New Year’s Eve was just last week, so I’m coming up with reading resolutions for 2016. My list of want-to-read books is based on reviews, past experience with an author, or just personal interest. For nonfiction, I’m looking back to some great 2015 books that I meant to read but somehow missed. Leading the list is the award-winning Between the World and Me by Ta-Nehisi Coates, an intelligent autobiographical and historical meditation, as told to his son, about racism in America.
And from New York Times book critic Janet Maslin’s 2015 recommendations, I’m picking up two more biographical histories: The Wright Brothers by David McCullough (on my book club’s reading list, too) and The Ingenious Mr. Pyke: Inventor, Fugitive, Spy by Henry Hemmings about a British “mad scientist” working on World War II covert strategy, which has the unbeatable teaser: “Only now, following the release of previously classified documents by MI5, can this man’s extraordinary story be told in full.”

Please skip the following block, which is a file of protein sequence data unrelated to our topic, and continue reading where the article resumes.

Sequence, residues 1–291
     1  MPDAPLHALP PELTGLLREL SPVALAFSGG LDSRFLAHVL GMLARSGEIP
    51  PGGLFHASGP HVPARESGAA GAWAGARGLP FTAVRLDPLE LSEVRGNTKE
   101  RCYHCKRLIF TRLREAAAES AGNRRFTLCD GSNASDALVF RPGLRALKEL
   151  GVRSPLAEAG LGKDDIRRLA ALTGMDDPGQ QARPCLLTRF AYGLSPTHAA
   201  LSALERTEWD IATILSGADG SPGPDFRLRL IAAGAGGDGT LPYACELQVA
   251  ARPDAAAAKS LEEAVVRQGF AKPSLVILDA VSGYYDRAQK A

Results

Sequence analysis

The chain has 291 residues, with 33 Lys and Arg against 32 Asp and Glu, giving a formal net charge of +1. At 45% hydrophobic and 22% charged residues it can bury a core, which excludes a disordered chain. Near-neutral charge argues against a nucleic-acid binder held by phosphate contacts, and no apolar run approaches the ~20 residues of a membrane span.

When it comes to fiction, I’m looking forward, however, and my thanks to The Washington Post for recommending a bevy of new novels releasing in 2016. From a long list, I’m cherry-picking The Man Without a Shadow by best-selling Joyce Carol Oates, about a neuroscientist who falls in love with the famous amnesiac subject of her research, coming out in January. Because I loved Yann Martel’s The Life of Pi, I’m looking forward to the February release of The High Mountains of Portugal, in which Martel weaves together three tales that are part quest, ghost story and contemporary fable of love and loss.
I’m also a Jane Austen fan, so I’m curious to read Eligible by Curtis Sittenfeld, a playful modern retelling of Jane Austen’s Pride and Prejudice, when it comes out in April. You can’t beat Stephen King for popular thriller fare, so if you’ve followed the saga of retired police detective Bill Hodges and his unlikely sleuthing allies through Mr. Mercedes and Finders Keepers, you’ll want to snap up King’s End of Watch, the “spectacular finale” of the trilogy in June.
For advice on making reading resolutions that you can actually accomplish, I’ll pass along tips from the Huffington Post article “How to Make Non-Intimidating Reading Resolutions for 2016″ at http://www.huffingtonpost.com/entry/non-intimidating-reading-resolutions_5682e8abe4b0b958f65a9b9c